The free guide-wheel is subject to but little friction and being free can accommodate and automatically adjust itself to serve its function Without regard to the rotation of the pinion. The cam-tracks are simple and efi ective for the purpose of controlling the guide-wheel, and the spring F is advantageously situated to render it effective.

Having thus described my invention, what I claim as new, and desire to secure by Letters Patent, is-

1. In a device for converting motion, the combination of a double-rack yoke, having a track beside each rack, said tracks having corresponding inclined rises and depressions at opposite ends, a mutilated pinion engaging the racks alternately, and a guide-wheel eccentric to and carried by the pinion and traveling on the tracks to effect the alternate engagement of the pinion with the opposite rack and to hold it to said engagement.

2. In a device for converting motion, the combination of a double-rack yoke, having a track beside each rack, said tracks having corresponding inclined rises and depressions at opposite ends, a mutilated pinion engaging the racks alternately, and an independentlyrevoluble guide-wheel eccentric to and carried by the pinion and traveling on the tracks to efi'ect the alternate engagement of the pinion with the opposite rack and to hold it to said engagement.

3. In a device for converting motion, the combination of a double-rack yoke, having a track beside each rack, said tracks having corresponding inclined rises and depressions at opposite ends, a mutilated pinion engaging the racks alternately, a guide-wheel eccentric to and carried by the pinion and traveling on the tracks to effect the alternate engagement of the pinion with the opposite rack and to hold it to said engagement, and a spring on the pinion beyond one of its terminal teeth, adapted to alternately engage the terminal tooth of opposite racks and initiate the engagement of the pinion with said racks alternately.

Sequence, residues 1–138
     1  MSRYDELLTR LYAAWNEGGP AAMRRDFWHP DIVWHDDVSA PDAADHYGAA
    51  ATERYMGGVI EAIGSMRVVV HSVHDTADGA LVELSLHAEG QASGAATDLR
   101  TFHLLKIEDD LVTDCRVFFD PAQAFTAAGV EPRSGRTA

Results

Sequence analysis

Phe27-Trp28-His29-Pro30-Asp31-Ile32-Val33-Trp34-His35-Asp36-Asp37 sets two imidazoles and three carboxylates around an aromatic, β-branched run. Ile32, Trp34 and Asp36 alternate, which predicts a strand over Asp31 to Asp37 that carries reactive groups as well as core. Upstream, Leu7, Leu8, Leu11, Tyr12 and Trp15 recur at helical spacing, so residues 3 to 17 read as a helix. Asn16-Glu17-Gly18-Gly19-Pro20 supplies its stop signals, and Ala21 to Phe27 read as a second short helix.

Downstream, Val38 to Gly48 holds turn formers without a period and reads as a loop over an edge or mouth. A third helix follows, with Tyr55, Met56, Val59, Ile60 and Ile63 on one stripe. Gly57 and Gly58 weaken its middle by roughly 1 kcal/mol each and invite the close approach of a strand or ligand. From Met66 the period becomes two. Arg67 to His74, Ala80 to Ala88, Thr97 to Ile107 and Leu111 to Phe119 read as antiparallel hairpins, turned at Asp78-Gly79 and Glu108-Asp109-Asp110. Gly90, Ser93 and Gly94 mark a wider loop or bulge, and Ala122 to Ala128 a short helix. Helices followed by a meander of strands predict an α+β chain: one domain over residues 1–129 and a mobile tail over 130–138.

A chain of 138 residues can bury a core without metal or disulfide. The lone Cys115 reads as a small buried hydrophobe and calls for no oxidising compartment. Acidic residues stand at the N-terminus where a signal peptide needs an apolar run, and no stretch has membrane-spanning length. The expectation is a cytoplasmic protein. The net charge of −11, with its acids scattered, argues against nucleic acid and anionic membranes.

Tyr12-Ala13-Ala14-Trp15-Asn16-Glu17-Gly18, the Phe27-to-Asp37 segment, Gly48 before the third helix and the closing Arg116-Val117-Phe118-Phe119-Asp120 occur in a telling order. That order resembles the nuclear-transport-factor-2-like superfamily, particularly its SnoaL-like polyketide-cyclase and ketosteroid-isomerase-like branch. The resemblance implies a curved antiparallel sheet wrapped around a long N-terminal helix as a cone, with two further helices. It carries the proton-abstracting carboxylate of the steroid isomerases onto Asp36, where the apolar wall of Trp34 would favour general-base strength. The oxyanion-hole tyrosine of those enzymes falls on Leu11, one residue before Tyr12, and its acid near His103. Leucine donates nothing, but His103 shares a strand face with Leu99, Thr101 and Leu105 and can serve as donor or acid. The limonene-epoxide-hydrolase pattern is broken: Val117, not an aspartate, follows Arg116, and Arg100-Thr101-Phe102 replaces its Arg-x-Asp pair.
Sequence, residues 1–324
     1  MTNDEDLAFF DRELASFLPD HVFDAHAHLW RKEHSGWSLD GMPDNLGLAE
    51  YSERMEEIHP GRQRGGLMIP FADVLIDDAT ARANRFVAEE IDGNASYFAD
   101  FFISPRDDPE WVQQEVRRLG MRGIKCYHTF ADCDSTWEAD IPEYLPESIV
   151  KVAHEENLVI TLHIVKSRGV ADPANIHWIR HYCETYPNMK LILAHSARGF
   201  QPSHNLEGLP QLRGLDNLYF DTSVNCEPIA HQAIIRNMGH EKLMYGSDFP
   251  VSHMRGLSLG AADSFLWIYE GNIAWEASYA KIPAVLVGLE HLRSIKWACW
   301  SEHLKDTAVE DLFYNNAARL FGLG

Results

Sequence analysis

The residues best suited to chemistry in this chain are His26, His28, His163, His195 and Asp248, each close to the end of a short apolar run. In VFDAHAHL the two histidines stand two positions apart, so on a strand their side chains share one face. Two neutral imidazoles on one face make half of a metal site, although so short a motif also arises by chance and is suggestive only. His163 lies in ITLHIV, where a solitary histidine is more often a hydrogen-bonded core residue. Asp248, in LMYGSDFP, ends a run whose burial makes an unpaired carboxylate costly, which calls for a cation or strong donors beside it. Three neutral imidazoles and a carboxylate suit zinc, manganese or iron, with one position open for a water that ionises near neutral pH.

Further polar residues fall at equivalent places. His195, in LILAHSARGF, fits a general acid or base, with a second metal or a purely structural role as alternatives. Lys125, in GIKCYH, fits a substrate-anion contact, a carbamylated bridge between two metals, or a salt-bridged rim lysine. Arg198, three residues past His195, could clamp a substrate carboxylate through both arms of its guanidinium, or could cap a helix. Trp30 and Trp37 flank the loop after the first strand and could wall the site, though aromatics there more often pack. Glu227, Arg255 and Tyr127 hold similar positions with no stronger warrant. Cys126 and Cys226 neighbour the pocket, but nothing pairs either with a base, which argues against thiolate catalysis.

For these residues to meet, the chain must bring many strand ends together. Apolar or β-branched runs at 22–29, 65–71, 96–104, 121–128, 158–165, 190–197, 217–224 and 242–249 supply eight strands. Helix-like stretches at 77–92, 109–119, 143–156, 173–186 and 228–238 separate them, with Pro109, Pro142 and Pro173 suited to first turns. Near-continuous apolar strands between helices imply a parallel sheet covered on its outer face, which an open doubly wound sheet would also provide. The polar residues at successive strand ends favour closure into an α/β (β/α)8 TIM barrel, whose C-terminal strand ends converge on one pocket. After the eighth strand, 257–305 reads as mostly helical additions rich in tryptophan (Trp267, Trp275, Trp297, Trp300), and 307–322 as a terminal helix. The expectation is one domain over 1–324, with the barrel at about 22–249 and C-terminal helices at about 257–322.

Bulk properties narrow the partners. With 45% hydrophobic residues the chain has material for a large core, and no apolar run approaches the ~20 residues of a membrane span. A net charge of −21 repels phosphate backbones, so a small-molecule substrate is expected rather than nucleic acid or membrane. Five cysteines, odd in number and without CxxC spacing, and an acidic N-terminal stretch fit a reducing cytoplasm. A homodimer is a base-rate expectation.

L. In a device for converting motion, the combination of a double-rack yoke, having a track beside each rack, said tracks having corresponding inclined rises and depressions at opposite ends, a mutilated pinion engaging the racks alternately, an independently-revoluble guide-wheel eccentric to and carried by the pinion and traveling on the tracks to effect the alternate engagement of the pinion with the opposite rack and to hold it to said engagement, and a spring on the pinion beyond one of its terminal teeth, adapted to alternately engage the terminal tooth of opposite raclis and initiate the engagement of the pinion with said racks alternately.

In witness whereof I have hereunto set my hand.

ELMER C. NOR'II IRUP. Witnesses:

H. C. HIBBARD, WV. H. SULLIVAN.

Referenced by
Citing PatentFiling datePublication dateApplicantTitle
US2484187 *Aug 6, 1943Oct 11, 1949Sandebond Patents IncDrive mechanism
US2912870 *Dec 16, 1957Nov 17, 1959Roberts Brass Mfg CoValve operating mechanism
US4658664 *Sep 5, 1985Apr 21, 1987Von Duprin, Inc.Rack and pinion assembly
US5979284 *Jan 31, 1994Nov 9, 1999Granger; MauriceAutomatic dispensing apparatus for paper towels and toilet paper
US6789439 *Jun 7, 2002Sep 14, 2004Tien-Chen TungReciprocal force outputting mechanism
US20020129699 *Feb 26, 2002Sep 19, 2002Gerard FalcouCompensated actuator with optimized power
Classifications
Cooperative ClassificationF16H19/043